I agree with using renewables first. It bypasses the "subsidies" that the fossil fuel industry receive.

An article at Forbes reports that coal increases health care costs by 19 to 45 cents a kwh. Oil increases the costs by 8 to 19 c/kwh, and natural gas by 1 to 2 c/kwh. Mercury in fish is getting bad enough that Consumer Reports had an article on it last month. I'm pretty sure fish aren't mining mercury. Then there's the climate change issue.

Any one of those reasons, from three different sources, is good enough for me to prefer renewables over fossil fuels. For nuclear, I haven't decided yet, but I'm leaning in the direction of it being sold at the same time as renewable, not after all renewable supply is consumed.

Comment: Re:Wrong decision (Score 1) 484 484

Yes, Netflix is public transmitting, but from a licensed archive. Aereo is only transmitting the channel that the customer has requested be transmitted. A customer who joined Aereo this year could not request the 2010 Fall Broadcast Season Premieres, since those premieres (probably) haven't been broadcast this year. Netflix has many of those premieres available to customers who sign up today. Aereo is one antenna, one customer, while Netflix is one copy, many customers.

If Aereo were to edit out the commercials in the broadcasts, then I would side with the plaintiffs.

Comment: Re:SciFi come to life (Score 1) 270 270

Because when it began, the internet was not a necessity for the general public and economy, and it didn't have ISPs double-dipping or getting states/towns to sign exclusive contracts. Now, when the Internet is almost as necessary as electricity/shelter/food/water, and when ISPs are preventing competition, many people see the ISP industry as being broken and are trying to get it fixed.

Comment: Re:We've gone beyond bad science (Score 4, Insightful) 703 703

Parroting is the only thing that most of us can do. Both of you are doing it, unless one of you is an actual climate scientist with appropriate degrees and experiences, who has performed his/her own experiments and data collections to research how the earth's environment has behaved in the past.

97 out of 100 scientists are certain that the climate is going to become detrimental to our current society. That's enough for me.

If I didn't trust scientists, my next computer or cell phone purchase would involve the following: redevelop physics from scratch, including semiconductor, RF comms, and information theory. Build a 22nm lithography process. Test it. Otherwise, how do I know I'm not falling for a hoax?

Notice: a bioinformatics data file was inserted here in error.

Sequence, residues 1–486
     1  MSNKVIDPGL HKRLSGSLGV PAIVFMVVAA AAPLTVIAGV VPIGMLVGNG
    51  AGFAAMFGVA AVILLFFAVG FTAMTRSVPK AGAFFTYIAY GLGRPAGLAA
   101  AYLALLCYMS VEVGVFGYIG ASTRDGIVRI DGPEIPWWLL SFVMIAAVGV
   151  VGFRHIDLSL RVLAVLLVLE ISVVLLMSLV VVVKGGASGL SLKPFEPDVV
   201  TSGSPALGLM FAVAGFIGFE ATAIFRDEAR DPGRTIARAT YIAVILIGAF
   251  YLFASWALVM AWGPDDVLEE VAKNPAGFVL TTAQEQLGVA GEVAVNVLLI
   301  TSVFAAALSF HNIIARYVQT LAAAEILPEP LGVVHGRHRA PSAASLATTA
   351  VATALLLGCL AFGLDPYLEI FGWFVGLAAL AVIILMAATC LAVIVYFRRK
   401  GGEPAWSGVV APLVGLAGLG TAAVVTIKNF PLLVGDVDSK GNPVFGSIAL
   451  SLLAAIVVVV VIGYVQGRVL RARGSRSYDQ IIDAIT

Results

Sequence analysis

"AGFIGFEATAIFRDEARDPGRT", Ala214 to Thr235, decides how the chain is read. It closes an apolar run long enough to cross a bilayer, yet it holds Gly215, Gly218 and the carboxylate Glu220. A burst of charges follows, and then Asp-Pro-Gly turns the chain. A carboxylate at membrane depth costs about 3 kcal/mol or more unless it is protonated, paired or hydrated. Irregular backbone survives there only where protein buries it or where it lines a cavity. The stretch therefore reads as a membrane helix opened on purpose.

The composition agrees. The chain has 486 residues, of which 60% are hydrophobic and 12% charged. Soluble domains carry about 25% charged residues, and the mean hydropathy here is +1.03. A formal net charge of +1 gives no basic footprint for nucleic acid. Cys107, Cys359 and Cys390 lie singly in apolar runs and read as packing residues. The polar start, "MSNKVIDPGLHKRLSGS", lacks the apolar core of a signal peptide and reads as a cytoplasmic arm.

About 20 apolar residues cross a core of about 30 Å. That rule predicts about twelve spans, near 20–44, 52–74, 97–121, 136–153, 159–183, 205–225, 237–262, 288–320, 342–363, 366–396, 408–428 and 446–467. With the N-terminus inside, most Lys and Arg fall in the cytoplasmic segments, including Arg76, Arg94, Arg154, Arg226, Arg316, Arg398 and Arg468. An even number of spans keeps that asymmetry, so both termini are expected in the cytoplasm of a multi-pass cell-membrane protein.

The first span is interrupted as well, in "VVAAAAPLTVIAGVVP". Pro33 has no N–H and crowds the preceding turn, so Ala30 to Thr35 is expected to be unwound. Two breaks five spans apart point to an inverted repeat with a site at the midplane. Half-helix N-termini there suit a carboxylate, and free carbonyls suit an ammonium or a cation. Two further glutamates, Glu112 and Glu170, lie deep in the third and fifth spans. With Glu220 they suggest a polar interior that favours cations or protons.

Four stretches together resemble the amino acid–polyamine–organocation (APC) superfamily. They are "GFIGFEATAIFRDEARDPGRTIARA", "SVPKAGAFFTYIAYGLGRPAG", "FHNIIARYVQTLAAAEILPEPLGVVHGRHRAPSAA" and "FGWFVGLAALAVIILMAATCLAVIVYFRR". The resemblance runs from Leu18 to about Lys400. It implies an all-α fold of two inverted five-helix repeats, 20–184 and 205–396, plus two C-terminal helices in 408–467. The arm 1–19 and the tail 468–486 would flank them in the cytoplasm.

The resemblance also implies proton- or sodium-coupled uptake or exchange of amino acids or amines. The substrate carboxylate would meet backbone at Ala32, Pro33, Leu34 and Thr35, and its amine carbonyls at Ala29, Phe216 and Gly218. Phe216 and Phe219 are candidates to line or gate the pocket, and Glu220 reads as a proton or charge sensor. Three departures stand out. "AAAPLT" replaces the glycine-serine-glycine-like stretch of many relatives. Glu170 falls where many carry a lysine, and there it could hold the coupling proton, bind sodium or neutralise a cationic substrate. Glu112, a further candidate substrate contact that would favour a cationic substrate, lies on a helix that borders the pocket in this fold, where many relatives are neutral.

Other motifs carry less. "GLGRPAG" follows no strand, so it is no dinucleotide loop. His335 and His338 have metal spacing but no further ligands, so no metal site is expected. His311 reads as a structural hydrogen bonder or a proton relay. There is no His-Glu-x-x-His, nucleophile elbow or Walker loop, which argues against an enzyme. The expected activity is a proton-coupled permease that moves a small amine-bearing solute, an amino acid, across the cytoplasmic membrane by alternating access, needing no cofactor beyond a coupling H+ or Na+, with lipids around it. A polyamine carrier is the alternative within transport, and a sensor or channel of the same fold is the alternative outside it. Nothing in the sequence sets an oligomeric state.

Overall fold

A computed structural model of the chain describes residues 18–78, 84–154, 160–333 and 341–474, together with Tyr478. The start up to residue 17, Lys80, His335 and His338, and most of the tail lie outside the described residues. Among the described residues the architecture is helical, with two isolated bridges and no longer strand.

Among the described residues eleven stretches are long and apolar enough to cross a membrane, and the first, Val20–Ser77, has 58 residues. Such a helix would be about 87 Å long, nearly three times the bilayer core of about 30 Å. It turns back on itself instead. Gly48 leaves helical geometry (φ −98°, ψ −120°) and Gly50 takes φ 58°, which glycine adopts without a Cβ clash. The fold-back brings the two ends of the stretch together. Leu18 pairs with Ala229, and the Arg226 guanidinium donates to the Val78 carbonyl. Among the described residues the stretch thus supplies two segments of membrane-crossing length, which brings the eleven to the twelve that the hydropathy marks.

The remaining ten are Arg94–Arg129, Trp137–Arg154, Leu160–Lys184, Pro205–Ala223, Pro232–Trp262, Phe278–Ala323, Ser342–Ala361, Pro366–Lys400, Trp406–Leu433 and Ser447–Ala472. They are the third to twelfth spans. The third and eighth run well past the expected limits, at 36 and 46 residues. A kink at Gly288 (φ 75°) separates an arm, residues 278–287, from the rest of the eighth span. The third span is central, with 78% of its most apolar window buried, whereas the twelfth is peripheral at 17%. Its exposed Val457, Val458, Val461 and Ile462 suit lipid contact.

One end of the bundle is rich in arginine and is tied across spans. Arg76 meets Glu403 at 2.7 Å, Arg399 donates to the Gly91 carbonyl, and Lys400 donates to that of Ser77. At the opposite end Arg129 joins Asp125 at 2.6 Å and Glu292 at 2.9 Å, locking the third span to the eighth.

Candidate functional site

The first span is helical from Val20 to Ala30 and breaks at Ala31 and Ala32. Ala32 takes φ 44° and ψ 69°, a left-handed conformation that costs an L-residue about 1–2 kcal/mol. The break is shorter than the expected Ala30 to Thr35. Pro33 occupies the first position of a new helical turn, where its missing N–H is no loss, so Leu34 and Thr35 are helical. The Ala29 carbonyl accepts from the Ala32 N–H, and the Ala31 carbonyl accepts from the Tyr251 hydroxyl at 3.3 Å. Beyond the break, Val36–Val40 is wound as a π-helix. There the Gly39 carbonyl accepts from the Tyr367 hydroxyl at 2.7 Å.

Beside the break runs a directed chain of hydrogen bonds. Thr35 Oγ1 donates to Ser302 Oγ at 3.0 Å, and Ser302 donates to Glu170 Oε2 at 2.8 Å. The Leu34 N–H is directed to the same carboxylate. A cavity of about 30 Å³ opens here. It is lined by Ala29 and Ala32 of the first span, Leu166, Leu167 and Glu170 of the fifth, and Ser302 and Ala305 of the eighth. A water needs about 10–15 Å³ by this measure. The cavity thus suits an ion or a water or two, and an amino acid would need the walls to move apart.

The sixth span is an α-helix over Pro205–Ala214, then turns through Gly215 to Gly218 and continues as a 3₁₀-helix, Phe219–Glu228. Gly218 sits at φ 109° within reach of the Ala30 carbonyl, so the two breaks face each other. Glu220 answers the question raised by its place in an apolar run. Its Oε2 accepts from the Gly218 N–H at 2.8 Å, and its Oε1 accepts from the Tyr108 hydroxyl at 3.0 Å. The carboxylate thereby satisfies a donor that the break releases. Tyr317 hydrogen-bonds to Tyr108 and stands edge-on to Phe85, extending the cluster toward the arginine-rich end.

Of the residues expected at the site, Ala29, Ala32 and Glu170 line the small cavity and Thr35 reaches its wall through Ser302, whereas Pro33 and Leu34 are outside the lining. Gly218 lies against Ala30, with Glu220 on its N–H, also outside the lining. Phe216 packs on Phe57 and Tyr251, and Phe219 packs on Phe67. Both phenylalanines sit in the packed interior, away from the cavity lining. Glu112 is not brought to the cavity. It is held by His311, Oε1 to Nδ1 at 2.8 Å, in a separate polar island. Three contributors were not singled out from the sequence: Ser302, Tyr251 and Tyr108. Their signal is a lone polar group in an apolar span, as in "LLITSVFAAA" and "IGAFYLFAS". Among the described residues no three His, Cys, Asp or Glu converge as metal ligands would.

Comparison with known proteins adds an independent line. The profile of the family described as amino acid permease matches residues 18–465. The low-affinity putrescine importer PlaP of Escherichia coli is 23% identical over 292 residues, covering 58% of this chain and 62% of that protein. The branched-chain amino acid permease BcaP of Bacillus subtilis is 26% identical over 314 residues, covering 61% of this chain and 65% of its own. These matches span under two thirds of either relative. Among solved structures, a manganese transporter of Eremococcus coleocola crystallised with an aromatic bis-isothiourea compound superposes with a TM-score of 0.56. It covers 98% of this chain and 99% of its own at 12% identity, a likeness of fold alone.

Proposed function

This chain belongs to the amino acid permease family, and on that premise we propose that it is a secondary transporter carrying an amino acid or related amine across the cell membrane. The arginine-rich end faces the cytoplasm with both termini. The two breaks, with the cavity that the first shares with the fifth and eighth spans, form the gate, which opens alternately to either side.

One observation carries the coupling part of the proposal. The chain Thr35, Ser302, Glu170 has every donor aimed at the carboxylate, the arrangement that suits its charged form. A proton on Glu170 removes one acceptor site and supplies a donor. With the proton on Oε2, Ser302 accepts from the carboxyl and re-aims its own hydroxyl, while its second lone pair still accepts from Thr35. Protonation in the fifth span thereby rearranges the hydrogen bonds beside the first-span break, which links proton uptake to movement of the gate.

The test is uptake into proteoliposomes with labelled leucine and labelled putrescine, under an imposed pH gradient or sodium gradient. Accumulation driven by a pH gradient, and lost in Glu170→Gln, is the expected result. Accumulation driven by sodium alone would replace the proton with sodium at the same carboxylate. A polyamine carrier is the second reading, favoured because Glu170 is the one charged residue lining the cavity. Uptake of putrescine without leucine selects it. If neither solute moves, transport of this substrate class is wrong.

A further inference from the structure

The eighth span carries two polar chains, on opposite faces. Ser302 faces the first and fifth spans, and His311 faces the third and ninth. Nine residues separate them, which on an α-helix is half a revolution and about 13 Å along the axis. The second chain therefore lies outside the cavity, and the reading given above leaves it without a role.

Just because I don't understand something, doesn't mean that something doesn't exist. Yes, on the flip side, if one person tells me something, that person isn't automatically correct. That's where peer review comes in.

For the computer purchase example, I could test a new computer. That's a great solution for that scenario. But from where do we get a second earth to test Climate Change?

Yes, shutting down coal plants overnight is bad: it would cause massive chaos. That's exactly what climatologists are trying to avoid. However, we can work towards getting those plants offline, and work towards zero emission vehicles. On the off-chance all those scientists are wrong about climate change, at least our cities would have better air.

Comment: Re:Short Sighted Fools, the lot of you. (Score 1) 703 703

If you found an odd lump on your body one day, what would you do? You could see a licensed doctor, whose knowledge has been gained from mostly objective, clinically tested, and peer reviewed research. You could see an oil tycoon who has made millions by being a wise businessman. You could also just do nothing.

I'd go to the doctor, myself. Yes, there's probably a small percentage that are bad, so I'd probably ask a second, or even a third to see if I get a consistent answer. If I went to 100 doctors, and 97 of them said the same thing, I'd put my money there, simply because they have knowledge from looking at history. If not, I might as well believe the sun still revolves around the earth, and that if I walk too far, I might fall off the edge of the "world".

Or, if astronomers predicted a 97% chance that a meteorite would land in your town, would you take a day trip? Or stay at home? The trip is pretty cheap: drive/take a bus to family or friend in another state.

Yes, fixing CO2 emissions is much more expensive than a day trip; we can't do it all in one day. We can start though, and give future generations a little more time to figure out a good solution.

There must be more to life than having everything. -- Maurice Sendak